Reviewby Carlo Santos, Nov 24th 2008
After being struck by a subway train, the last thing Kei Kurono expected was to not die. Instead, he and his former schoolmate Kato are transported to a tiny apartment where other recently deceased souls gather. In this apartment, a mysterious black sphere called Gantz sends people out on bizarre and deadly missions. Kei's objective is to kill an "onion head" alien living in the area, but when the creature goes berserk and starts slaughtering everyone on Kei's team, he realizes that this is very much a matter of life and death. If Kei should survive, he will have plenty of questions: what kind of sick game is this? Is he actually alive or dead or what? If he goes home, will life continue as normal? And just what is Gantz trying to accomplish?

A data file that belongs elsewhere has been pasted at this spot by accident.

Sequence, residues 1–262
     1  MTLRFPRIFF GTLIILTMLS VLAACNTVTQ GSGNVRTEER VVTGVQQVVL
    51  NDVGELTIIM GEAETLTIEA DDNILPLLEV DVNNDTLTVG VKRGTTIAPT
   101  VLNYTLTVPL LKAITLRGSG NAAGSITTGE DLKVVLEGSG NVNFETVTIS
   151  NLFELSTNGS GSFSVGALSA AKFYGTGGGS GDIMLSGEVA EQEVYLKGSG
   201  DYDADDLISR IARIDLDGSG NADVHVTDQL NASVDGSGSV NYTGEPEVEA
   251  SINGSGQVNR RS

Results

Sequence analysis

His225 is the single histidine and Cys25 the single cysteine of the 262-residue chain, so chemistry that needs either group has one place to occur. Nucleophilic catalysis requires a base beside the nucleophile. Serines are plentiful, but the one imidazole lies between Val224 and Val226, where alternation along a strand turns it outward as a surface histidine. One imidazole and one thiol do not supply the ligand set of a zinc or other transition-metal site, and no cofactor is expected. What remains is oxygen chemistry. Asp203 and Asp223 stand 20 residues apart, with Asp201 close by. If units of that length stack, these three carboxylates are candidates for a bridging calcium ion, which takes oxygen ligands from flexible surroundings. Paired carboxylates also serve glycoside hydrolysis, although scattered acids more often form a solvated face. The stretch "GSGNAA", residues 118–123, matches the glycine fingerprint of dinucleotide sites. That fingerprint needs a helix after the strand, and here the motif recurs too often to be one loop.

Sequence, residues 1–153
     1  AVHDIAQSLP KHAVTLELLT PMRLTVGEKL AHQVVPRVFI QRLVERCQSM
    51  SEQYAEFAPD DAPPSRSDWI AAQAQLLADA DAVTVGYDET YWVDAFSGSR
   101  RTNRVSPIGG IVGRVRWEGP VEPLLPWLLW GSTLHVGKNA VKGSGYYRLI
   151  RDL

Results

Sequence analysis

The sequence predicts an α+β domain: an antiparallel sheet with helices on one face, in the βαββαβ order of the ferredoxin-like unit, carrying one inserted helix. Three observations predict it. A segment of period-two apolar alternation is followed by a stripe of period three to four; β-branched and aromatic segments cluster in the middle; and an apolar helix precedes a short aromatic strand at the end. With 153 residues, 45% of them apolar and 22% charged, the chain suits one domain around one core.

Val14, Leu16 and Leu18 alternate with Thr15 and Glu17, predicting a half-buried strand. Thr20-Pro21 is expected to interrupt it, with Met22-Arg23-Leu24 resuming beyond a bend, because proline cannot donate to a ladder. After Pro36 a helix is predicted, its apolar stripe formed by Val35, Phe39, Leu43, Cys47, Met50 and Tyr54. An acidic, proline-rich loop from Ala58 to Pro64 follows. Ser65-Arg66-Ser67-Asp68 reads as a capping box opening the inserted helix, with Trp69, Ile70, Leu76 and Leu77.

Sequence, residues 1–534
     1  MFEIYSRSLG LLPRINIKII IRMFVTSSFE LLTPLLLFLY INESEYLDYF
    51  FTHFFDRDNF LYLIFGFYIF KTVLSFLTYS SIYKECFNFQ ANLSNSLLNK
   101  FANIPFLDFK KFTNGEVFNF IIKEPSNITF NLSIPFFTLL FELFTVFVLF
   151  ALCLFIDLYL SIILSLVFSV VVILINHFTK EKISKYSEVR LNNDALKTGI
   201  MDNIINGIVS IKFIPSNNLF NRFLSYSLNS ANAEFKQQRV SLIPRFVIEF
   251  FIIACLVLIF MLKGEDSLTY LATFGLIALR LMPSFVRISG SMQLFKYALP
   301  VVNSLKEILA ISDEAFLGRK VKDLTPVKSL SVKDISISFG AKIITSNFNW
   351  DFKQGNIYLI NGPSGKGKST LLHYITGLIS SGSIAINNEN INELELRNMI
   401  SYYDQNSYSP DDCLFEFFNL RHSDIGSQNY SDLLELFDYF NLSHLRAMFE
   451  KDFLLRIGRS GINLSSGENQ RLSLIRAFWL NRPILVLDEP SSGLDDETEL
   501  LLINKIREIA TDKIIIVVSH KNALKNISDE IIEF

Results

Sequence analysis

There is at least one aspect where Gantz lives up to the hype: it contains all the gore, nudity and depravity that everyone else was warning you about. As for the actual story ... well, when is it going to show up? After two volumes, our morally ambigious hero has basically survived one blood-and-guts-spewing mission and is now wandering around trying to make sense of this mess. Maybe readers are trying to make sense of it too, as we still don't know what that evil black ball is all about, and the characters are as flat and directionless as the computer-assisted art. With each passing chapter, the plot is starting to look thinner and thinner, and if there isn't some sudden improvement, this series will be revealed for what it is: a pointless exercise in gratuitous violence.